Long, warm days spent outside are now firmly behind us.
Unless you lived in a cave this summer (or stayed in the UK!), your skin will have been on the receiving end of a steady and sustained UV boost over the past few months. Generalising (with some degree of confidence), spring and summer usually means more time spent outside with less clothing, explaining the added dose of ultraviolet.
In addition, there's the compounding effect that summer rays are also more intense.
However, it's worth de-bunking a common myth quickly. Damaging UVA accounts for 95% of all UV that reaches us on earth - its strength doesn't really fluctuate during the year and that's the reason you need to protect your skin every single day, from January to December.
The remaining 5% of UV that reaches your skin is UVB. These rays are very powerful and peak in strength during summer months. UVB causes visible skin damage in the form of sun burn - that classic image of summer - as well as deeper-lying skin damage.
Understanding UV exposure
Prolonged exposure to UV radiation can lead to various skin issues, including sunburn, premature ageing, and most importantly, an increased risk of skin cancer.
Most skin cancers are triggered by UV light. UV rays can cause DNA damage that triggers mutations in certain skin cells, causing them to multiply rapidly and form tumours.
The damage from UV exposure is cumulative and increases your skin cancer risk over time. Your body can repair some of the DNA damage caused to skin cells but not all of it. It's the un-repaired damage that can accumulate and trigger mutations.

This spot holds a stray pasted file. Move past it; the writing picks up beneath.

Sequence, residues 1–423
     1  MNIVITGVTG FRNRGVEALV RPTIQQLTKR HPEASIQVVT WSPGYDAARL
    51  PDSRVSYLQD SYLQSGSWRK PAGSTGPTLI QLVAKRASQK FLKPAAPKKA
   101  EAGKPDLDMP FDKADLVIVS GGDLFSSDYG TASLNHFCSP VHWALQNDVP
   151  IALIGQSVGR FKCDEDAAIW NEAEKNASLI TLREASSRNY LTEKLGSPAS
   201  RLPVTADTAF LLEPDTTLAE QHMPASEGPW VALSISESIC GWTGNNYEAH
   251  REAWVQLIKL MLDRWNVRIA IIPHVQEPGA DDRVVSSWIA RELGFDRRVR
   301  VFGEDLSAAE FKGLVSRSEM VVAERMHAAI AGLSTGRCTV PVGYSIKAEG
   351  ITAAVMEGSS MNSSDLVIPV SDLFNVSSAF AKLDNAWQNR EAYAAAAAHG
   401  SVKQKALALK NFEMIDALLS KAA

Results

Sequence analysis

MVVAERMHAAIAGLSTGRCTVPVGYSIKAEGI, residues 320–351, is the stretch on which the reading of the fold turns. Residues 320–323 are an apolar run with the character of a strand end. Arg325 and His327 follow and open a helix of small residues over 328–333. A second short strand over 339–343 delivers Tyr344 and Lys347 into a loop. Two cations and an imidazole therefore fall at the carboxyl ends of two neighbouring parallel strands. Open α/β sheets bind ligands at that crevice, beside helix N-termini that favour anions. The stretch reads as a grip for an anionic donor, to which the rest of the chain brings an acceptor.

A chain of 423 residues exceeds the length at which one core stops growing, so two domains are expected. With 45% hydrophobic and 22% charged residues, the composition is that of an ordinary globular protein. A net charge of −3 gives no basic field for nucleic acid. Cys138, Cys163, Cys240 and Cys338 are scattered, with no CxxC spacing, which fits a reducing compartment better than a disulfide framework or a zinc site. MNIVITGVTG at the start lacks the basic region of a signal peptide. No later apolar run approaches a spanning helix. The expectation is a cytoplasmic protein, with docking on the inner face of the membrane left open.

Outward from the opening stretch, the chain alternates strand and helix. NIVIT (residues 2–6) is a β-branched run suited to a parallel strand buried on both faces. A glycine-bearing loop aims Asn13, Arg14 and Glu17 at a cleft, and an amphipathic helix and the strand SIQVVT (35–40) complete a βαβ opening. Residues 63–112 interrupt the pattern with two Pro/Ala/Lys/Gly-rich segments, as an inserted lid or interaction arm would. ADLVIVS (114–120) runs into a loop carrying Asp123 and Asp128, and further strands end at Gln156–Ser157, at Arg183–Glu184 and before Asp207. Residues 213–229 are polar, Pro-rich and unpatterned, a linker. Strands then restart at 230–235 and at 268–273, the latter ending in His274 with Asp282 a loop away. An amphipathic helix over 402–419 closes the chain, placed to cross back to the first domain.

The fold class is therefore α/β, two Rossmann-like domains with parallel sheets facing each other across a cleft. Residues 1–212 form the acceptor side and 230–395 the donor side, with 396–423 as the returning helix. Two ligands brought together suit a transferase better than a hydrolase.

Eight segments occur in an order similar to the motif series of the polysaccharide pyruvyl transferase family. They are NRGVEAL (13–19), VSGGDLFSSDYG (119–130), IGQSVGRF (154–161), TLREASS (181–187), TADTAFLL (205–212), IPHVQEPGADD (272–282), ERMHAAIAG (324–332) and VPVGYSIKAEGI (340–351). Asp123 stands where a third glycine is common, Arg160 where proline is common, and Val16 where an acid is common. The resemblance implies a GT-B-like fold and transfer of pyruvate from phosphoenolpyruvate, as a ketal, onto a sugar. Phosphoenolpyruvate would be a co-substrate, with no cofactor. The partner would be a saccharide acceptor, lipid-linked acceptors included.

Preventing UV from bombarding your skin always remains the best defence from this. That's to say: daily UV protection, wearing UPF fabrics and applying high factor sunscreen in strong sunlight. But we recognise incidental exposure is inevitable and that it's impossible to wind the clock back and un-do bad behaviour from the past. This is exactly why it's so important to check your skin...
Be regular to catch problems early
Fundamentally, if you develop a skin cancer problem, it's vital to catch it early.
Ideally, you would check your skin every 3-6 months and you're looking for signs of damage (see what that means later). That's why, after sustained summer sun, we think this is a particularly good moment in the calendar to check in on yourself.
What to look out for?
Typical signs of non-melanoma skin cancers include a lump, sore or spot or a new and persistent discoloured/red patch on the skin. If this persists beyond a few weeks and slowly progresses, it should be looked at quickly.
The more dangerous melanoma can be harder to notice because changes are often subtle and easily missed, particularly if you have lots of moles. In addition, while melanomas can develop from existing moles, about 70% appear as new marks on the skin, further emphasising the need to check your skin regularly.
A new mole in adult life should be treated with caution, particularly if it's on the sole of the foot, palm of the hand or under a nail. The same is true of existing moles that have changed or stand out from others.
How to do a skin check?
Performing a skin check is a straightforward process that can be done from the comfort of your own home. Here's a simple guide to get you started:
- Find a well lit room. Get help or use a large wall mirror and hand mirror.